The consequence of this for me was once again to be found in psychology, plus the use of the Pauli ladder. By psychology I said to myself: as long as I’m not eliminated or the match is not over, it’s pointless to get angry. I don’t know yet what the final outcome will be. Imagine losing a very unlucky game, getting angry about it, but continuing to play the match and winning it! First of all, the opponent would then have every reason to be angry himself. But not so much about the lost match as about the reaction after the unfortunate loss: “You’re whining all the time about how unlucky you are and in the end you win the match.

So you don’t know who will win the match until the last throw, which is made by yourself or your opponent. After the last throw, you do know, but it’s too late to get angry now, so what’s the point? But whoever wants to can get annoyed, I wouldn’t care either and also for the chances. Unless you transport that frustration to the next tournament. Here, too, neither frustration nor anger are the true factors influencing the chances of winning a match. The real influencing factor is, of course, the loss of concentration due to anger, and consequently the changed decisions, which, on balance, can simply turn out worse as a result. A worse move results in worse chances of winning and in the sequence of many bad moves perhaps the decisive change in the odds to one’s own disadvantage, the loss of the match.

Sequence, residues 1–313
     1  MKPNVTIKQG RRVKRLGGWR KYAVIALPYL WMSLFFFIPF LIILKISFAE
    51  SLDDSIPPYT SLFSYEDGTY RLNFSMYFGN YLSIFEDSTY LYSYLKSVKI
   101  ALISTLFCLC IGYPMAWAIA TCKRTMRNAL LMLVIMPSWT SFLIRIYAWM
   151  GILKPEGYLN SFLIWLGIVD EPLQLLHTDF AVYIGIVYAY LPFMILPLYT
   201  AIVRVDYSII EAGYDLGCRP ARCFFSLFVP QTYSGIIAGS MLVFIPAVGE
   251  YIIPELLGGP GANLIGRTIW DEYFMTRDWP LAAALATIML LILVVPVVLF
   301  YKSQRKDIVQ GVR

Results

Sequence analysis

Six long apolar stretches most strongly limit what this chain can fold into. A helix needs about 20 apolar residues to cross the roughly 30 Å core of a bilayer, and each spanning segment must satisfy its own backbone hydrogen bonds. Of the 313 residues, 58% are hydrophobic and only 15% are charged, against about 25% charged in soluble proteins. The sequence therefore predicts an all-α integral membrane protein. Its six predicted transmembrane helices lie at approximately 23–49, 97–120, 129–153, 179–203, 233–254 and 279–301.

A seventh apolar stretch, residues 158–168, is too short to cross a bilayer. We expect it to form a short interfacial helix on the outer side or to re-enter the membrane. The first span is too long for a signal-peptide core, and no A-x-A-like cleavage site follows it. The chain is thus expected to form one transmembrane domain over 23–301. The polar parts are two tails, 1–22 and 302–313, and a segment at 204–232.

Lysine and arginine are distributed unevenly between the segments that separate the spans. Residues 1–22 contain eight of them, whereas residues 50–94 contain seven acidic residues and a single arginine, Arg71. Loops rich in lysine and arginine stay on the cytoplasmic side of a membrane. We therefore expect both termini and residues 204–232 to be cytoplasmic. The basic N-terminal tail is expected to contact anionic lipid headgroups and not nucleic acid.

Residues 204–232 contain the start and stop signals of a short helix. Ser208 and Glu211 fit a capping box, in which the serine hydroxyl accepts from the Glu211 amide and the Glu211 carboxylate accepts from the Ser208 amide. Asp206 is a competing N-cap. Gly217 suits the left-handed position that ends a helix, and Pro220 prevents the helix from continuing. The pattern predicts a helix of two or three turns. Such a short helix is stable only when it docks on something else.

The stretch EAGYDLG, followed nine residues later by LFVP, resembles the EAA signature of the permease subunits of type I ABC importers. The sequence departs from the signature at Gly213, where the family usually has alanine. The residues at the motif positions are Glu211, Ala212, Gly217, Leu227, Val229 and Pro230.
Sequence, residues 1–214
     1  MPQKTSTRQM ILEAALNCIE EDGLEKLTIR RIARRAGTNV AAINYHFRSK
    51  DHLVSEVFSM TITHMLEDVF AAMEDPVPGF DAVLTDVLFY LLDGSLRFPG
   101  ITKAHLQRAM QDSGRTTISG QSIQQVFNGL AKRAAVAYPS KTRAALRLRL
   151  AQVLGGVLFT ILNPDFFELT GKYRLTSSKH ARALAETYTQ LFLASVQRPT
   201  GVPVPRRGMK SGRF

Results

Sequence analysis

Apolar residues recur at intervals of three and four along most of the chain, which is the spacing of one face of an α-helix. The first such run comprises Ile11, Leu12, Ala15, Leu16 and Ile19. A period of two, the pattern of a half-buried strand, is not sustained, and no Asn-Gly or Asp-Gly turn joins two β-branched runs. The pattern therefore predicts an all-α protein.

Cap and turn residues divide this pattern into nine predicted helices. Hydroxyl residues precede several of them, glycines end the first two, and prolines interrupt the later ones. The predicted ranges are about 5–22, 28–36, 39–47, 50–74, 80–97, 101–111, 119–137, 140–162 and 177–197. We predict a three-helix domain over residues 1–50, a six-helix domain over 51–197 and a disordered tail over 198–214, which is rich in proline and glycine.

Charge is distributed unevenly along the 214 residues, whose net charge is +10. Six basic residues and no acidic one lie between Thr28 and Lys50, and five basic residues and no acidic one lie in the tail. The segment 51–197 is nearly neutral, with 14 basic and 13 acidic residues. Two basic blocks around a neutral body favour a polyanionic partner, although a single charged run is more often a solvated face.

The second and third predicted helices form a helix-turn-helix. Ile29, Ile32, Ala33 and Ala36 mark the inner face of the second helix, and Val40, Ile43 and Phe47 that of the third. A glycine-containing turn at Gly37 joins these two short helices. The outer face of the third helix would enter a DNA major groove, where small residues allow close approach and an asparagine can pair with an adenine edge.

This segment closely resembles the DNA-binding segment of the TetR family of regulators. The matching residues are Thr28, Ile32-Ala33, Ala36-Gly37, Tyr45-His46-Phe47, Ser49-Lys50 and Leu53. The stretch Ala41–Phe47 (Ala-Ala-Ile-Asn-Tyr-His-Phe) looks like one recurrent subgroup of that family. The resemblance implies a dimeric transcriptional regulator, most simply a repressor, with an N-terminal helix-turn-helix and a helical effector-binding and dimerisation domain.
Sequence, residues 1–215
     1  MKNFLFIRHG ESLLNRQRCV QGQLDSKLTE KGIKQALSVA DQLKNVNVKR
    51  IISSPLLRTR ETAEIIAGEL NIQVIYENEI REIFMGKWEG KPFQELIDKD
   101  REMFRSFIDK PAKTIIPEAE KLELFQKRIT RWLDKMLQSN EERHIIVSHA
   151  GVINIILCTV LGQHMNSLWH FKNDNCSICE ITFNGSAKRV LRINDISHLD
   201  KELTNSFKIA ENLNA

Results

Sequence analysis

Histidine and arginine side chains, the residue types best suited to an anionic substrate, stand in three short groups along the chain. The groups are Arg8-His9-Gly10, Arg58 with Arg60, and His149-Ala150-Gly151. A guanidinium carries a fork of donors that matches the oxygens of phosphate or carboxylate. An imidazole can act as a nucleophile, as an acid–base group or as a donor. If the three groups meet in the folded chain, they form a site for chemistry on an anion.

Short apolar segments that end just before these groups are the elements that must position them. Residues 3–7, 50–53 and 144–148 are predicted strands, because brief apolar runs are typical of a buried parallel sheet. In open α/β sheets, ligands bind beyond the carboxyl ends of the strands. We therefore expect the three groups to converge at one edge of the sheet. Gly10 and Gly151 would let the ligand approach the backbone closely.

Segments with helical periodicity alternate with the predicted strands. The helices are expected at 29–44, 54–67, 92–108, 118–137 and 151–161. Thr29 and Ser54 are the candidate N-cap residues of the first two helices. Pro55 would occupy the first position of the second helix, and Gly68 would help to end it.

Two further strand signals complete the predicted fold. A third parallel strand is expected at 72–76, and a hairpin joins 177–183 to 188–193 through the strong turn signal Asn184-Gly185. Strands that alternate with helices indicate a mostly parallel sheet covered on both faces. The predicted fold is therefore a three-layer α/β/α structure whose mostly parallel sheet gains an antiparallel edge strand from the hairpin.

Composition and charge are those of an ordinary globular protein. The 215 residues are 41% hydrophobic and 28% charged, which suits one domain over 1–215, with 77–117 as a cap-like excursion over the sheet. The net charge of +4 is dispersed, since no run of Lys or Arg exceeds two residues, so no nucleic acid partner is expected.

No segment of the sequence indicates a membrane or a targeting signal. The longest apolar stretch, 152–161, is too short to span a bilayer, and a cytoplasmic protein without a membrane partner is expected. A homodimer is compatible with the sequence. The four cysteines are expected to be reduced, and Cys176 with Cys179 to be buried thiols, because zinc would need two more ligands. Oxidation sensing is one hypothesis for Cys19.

So during a tournament match I simply didn’t get angry. And after the elimination it was too late, so I refrained from it as well. That was the psychological part. The “Pauli leader” part had merely led to internalisation. And that was indeed the case. I just couldn’t get angry any more. The principle was too clear and obvious to me. A lost match simply doesn’t matter, no matter how unlucky. Maybe you win the match afterwards and have turned this misfortune into happiness. After all, what could be better than to accommodate bad luck in such a way that it does no harm?